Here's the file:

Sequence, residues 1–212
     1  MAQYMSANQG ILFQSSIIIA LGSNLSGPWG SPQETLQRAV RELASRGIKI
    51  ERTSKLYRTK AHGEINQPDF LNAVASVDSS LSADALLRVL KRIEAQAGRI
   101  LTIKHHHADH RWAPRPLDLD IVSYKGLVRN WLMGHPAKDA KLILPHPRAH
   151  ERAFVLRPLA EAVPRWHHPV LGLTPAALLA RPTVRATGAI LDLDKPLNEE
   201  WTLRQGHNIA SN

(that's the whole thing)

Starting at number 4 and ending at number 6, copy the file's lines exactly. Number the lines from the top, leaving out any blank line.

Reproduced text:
   101  LTIKHHHADH RWAPRPLDLD IVSYKGLVRN WLMGHPAKDA KLILPHPRAH
   151  ERAFVLRPLA EAVPRWHHPV LGLTPAALLA RPTVRATGAI LDLDKPLNEE
   201  WTLRQGHNIA SN